“The only thing necessary for the triumph of evil is for good men to do nothing.” –Edmund Burke
When we picture “bullying”, the image that comes to mind is a single kid in front of their helpless victim, or maybe the bully has a group of supporters standing behind him or her. In these situations, it’s easy to blame the bully and point a finger at the friends, wondering how they could find joy in the misery of a peer. Take a moment though, and notice what lies on the edges of your mental picture.
The crowd. The rubberneckers. The “innocent bystanders” standing idly by – watching it all unfold. Surely there is some blame that lies with them too.
Bystander syndrome is the term coined for the phenomenon of standing idly by. This inaction not only perpetuates the act of bullying, but also adds to the prevalence of bullying in society. Bullying, it turns out, loves company.
Like most people, you’ve probably been a bystander. Unfortunately, it’s a common response. Many people see bullying happening right in front of them, and for a number of reasons, choose not to speak out or take action to stop the injustice. This passive response is an issue in and of itself, because most bullying happens in group settings where someone could step in to help. Bystanders, it turns out, are just as complicit to the act of bullying because bullies rely on an audience of their peers to validate their actions.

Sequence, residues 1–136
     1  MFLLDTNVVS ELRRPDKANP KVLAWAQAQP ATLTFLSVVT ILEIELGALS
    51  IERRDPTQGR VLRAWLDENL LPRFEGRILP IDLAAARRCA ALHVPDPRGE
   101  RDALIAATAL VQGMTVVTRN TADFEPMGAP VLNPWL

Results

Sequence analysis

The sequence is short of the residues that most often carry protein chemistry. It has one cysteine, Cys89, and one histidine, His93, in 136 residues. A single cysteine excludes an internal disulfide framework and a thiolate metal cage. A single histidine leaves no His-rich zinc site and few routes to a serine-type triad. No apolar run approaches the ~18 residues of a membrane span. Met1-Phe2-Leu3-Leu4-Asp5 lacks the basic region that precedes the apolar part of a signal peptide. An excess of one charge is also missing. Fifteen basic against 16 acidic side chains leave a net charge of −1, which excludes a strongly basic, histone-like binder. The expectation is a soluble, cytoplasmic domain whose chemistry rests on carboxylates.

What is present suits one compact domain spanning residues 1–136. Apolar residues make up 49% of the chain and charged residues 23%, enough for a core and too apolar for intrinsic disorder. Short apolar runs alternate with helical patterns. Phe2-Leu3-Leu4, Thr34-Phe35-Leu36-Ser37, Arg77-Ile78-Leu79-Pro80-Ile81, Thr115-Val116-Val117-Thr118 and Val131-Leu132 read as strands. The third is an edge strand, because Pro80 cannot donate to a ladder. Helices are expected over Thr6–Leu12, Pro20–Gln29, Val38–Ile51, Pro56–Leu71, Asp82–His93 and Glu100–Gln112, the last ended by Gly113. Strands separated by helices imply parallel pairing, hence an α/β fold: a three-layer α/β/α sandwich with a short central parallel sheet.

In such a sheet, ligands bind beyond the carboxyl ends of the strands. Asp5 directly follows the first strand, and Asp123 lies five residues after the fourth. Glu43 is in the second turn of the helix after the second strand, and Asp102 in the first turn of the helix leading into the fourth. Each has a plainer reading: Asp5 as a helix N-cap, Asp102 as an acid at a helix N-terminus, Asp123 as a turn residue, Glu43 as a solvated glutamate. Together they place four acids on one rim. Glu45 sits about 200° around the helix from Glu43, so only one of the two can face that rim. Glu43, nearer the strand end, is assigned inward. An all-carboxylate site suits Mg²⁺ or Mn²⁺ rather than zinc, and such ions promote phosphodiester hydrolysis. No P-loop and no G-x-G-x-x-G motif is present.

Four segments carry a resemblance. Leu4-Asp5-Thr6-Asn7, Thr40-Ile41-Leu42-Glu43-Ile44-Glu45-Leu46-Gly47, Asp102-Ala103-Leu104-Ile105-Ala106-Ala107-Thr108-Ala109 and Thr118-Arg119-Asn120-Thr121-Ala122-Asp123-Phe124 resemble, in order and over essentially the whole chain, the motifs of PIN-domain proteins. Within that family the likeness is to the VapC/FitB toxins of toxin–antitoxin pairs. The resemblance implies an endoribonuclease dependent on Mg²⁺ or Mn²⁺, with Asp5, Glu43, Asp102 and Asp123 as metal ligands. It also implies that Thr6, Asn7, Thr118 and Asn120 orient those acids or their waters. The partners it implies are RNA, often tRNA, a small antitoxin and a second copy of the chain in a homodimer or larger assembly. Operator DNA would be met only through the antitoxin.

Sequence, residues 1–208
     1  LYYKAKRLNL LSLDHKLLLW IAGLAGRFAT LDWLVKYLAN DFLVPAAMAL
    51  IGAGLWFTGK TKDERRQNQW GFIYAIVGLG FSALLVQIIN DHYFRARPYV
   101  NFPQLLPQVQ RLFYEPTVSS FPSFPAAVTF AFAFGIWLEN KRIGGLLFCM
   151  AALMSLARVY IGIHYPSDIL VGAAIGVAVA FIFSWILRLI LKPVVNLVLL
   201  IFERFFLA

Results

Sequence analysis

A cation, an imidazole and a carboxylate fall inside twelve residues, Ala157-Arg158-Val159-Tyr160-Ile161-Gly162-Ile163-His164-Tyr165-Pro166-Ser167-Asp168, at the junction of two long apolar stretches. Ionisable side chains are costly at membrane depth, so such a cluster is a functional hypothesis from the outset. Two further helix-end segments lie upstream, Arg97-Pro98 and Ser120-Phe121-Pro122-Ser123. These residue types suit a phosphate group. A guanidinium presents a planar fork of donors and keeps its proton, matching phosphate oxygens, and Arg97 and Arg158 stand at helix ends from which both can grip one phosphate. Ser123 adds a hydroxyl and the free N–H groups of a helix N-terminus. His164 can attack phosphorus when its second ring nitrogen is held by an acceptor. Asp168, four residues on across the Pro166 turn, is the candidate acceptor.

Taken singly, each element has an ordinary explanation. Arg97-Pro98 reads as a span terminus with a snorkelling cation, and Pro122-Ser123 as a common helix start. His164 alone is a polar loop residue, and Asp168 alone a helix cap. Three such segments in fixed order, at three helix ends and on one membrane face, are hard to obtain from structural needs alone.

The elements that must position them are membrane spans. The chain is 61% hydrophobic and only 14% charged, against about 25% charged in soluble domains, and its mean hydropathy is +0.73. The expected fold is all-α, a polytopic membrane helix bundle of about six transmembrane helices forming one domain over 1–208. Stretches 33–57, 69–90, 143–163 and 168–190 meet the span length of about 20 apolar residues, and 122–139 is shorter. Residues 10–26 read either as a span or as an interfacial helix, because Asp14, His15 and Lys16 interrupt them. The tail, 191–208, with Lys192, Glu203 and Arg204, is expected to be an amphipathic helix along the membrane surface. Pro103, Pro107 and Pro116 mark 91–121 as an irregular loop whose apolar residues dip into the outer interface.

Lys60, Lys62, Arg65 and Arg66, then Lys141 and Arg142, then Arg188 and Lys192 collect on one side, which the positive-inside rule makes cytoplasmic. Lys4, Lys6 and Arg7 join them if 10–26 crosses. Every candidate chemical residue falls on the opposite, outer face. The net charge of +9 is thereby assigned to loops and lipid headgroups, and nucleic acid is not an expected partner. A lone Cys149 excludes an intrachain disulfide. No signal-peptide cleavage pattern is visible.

The role of the bystander in perpetuating bullying has been well documented. Tara Kuther, an associate professor of Psychology at Western Connecticut State University, has studied the difference in action when a person is alone versus when they are in a group: “Sometimes when people are in groups they might not do what they would do when they’re alone. They might not know what they should do.” As more people gather to see what’s going on, it becomes increasingly unlikely that any one person will act to intervene, even if they feel they should.
The bystander syndrome was first demonstrated by psychologists John Darley and Bibb Latané, who conducted a study which demonstrated that the more bystanders present in a given situation, the less likely an individual was to intervene. This phenomenon occurs because of diffusion of responsibility (the notion that someone else will intervene, so I don’t have to) and social influence (the idea that we tend to act similarly to those around us).
The fact that we look to other to find out what to do is a given situation can actually work in a positive direction – assuming a single bystander works up the nerve to intervene. When someone stands up, it encourages others to do the same. Overcoming the bystander syndrome can be tough, especially in the adolescent years, for various reasons including social anxiety or fear of being ostracized by peers. Research from Ken Rigby, an adjunct professor of education at the University of South Australia and a bullying expert, has shown that only one in five children will intervene in the instance of bullying.
If we can equip more young people to stand up, we can dramatically reduce the instances of bullying that occur.